Arizona and put back in service. I have seen the A-10 fire at the firing
        range they use in southern Missouri. After seeing that close up, if I
        were an enemy combatant and knew an A-10 was coming, I would be running
        as fast as I could to get out of the area. The A-10 can turn on a dime
        and give you change. It is an awesome fighter!!!

      • Guest

        I was an ECM tech in the 442nd, A-10 fighter wing from 1989 to 2002. The only
        complaint I ever heard from the pilots was that they wish it had more
        powerful engines. In 1993 at the Gunsmoke Competition at Nellis AFB, the
        A-10 beat all other fighters in every aspect of ground support except
        for high altitude bombing, the F-16 won that. The A-10 is also equipped
        with Air-to Air missiles for air combat. Prior to the first gulf war our
        A-10’s were going to be replaced by the F-16. After what the A-10’s did
        in that war, 60 to 70 of them were removed from the bone yard in
        Arizona and put back in service. I have seen the A-10 from the 442nd fighter squadron fire at the firing
        range they use in southern Missouri. After seeing that close up, if I
        were an enemy combatant and knew an A-10 was coming, I would be running
        as fast as I could to get out of the area. The A-10 can turn on a dime
        and give you change. It is an awesome fighter!!!

      • Craig Chambers

        I was an ECM tech in the 442nd fighter squadron, A-10 fighter wing from 1989 to 2002. The only complaint I ever heard from the pilots was that they wish it had more powerful engines. In 1993 at the Gunsmoke Competition at Nellis AFB, the A-10 beat all other fighters in every aspect of ground support except for high altitude bombing, the F-16 won that. The A-10 is also equipped with Air-to Air missiles for air combat. Prior to the first gulf war our A-10’s were going to be replaced by the F-16. After what the A-10’s did in that war, 60 to 70 of them were removed from the bone yard in Arizona and put back in service. I have seen the A-10 from the 442nd fighter squadron fire at the firing range they use in southern Missouri. After seeing that close up, if I were an enemy combatant and knew an A-10 was coming, I would be running as fast as I could to get out of the area. The A-10 can turn on a dime and give you change. It is an awesome fighter!!!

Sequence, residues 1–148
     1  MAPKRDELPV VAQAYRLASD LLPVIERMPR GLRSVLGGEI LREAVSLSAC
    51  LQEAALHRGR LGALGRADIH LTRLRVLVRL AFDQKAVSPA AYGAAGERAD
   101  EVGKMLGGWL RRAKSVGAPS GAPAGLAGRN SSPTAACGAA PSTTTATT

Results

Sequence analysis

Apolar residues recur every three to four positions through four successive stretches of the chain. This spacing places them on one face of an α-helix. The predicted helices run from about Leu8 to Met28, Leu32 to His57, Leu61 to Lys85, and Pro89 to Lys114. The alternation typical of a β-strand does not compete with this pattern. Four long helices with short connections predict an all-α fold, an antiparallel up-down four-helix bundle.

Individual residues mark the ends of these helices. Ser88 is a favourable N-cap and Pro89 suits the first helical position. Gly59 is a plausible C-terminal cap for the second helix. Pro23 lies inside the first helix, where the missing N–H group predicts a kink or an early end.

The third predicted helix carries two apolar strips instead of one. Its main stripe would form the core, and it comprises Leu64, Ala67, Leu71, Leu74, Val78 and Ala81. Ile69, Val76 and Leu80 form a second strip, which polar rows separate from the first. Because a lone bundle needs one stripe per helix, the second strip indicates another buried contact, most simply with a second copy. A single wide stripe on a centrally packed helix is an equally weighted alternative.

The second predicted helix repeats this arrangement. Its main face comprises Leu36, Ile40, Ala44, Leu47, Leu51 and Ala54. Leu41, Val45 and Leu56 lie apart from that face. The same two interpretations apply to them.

• gunslinger

      god farts.. never heard that.

      love it

      • Shawn

        hehe it fits!

        • Secundius

          @ Shawn.

          Reminds me of a story I heard. About three British Journalist attached to a British platoon trapped and surrounded in an oasis in the middle of a wadi. For 24-hours, they weren’t able to get the upper hand on this group of Taliban fighter of approximately, 100-strong. When around 10 AM, An Irish Corporal assigned to guard the British Journalists, smiled and said in old Irish gaeilge “stoirm cac ag teacht”, and the other British Soldiers starting laughling out load. Including the lieutenant assigned to this British platoon. And the three British journalists, just looked at each other in puzzlement. Not known what the Irish corporal had just said. The Irish corporal looked at them, again with a big grin on his face and pulling out a long grass reed from his mouth. And said it again, “stoirm cac ag teacht”. And than translated to them, “Shit Storm Coming”. Apparently a flight of (4) A-10 Warthog’s flying in the immediate area, were responding to their need for air support. And the trio of British Journalists and Platoon of British Soldiers, had front row seats, to the best showing of their lives, ever. After the A-10’s withdrew. Not one Taliban Fighter was left standing, and/or alive. And the trio of journalists, made it their point to memorize the Old Irish Phrase. Just in case it ever happen to them again.

  • n0truscotsman

    and supposedly, the F35s magical woo woo stealth technology and “unparalleled information dynamic” (or whatever horseshit lockheed puts in their promotional brochures) will be more than adequate to replace the A10.

    Yeah right /rolls eyes/

    • Secundius

      @ n0truscotsman.

      The problem is, the promotional brochures talks about using the Rheinmetall Mauser, 1.063-inch (27x145mm) revolver auto-cannon and not the General Electric M61 Vulcan, 0.79-inch (20x102mm) 6-barrel rotary cannon. Quite a bit of difference in striking power/punch.

      • Seburo

        Lockheed won’t allow a better cannon to be mounted on their plane. USAF screwed up their chance to get the BK 27.

        • Secundius

          @ Seburo.